The Alerts were reviewed and updated in January 2013. PERFLUOROOCTANYL SULFONATE (PFOS) and PERFLUOROALKYL SULFONATE (PFAS) Perfluorooctane sulfonate (PFOS) is a fully fluorinated organic compound—a member of a large family of perfluoroalkyl sulfonate (PFAS)-based chemicals. PFOS refers to fully fluorinated (eight-carbon chain length) sulfonate-containing substances. The acid form of PFOS is 1,1,2,2,3,3,4,4,5,5,6,6,7,7,8,8,8-heptadecafluoro-1-octanesulfonic acid (CAS No. 1763-23-1). PFOS-related substances may be salts of PFOS e.g. potassium, lithium, ammonium or diethanolamine, or polymers that contain the PFOS as a portion of the entire structure. PFAS is a generic term used to describe any fully fluorinated carbon chain length sulfonate, including higher and lower homologues.
PFAS-related substances may be salts of PFAS, or polymers that contain PFAS as a portion of the entire polymer. Australian data. Very long PDF of PCFOS health effects report. Perfluorooctane Sulfonate (PFOS) and related chemical products. Fiskville sheep farmers tell inquiry toxic firefighting chemical 'in soil, grass, sheep ... and our children' Updated Toxic chemicals used at the CFA's (Country Fire Authority) Fiskville training centre contaminated a nearby sheep farm with the property owners saying it is in their "soil, grass, our sheep ... and our kids", a Victorian parliamentary inquiry has heard.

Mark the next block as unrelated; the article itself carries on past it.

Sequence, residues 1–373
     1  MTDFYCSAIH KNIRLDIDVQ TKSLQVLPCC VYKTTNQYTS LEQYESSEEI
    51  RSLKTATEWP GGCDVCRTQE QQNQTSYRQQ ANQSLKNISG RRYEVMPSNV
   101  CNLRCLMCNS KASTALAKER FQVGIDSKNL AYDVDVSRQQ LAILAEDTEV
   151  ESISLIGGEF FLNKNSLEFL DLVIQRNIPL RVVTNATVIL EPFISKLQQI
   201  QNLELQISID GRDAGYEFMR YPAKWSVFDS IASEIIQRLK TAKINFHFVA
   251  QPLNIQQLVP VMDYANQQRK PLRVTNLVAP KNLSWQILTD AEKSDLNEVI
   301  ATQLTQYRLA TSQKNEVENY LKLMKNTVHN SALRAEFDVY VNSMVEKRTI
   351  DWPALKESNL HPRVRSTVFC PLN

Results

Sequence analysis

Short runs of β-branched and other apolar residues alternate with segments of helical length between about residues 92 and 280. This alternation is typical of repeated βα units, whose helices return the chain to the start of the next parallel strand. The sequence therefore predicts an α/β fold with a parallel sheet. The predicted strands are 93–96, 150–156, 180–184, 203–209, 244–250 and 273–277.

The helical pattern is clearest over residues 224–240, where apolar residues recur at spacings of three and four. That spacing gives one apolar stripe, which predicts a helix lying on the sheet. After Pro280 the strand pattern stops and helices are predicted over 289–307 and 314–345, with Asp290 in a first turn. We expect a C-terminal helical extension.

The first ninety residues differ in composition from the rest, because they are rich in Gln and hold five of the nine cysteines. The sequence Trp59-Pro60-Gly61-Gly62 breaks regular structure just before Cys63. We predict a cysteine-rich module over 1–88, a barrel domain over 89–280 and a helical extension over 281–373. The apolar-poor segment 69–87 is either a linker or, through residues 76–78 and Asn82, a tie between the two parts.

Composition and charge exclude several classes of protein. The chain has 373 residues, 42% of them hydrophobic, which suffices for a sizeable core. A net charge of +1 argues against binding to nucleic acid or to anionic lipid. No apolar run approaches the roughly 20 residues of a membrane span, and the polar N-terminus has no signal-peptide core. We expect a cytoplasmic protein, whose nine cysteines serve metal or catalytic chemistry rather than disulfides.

The inquiry is examining claims dozens of firefighters who worked or trained at Fiskville suffered cancers linked to dangerous firefighting chemicals over several decades. It is also looking at whether other people who live near the facility or came into contact with it could have been exposed to chemicals. Matthew and Becarra Lloyd run a sheep farm next to the Fiskville training centre.
Environment, Health and Safety Case Study: Fiskville CFA Firefighter Training - Social Science Insights. On the 3rd of March 2014, the media reported that the Country Fire Authority’s (CFA) key regional firefighter training site in Fiskville, Victoria, was shut down indefinitely after a chemical residue was found on site.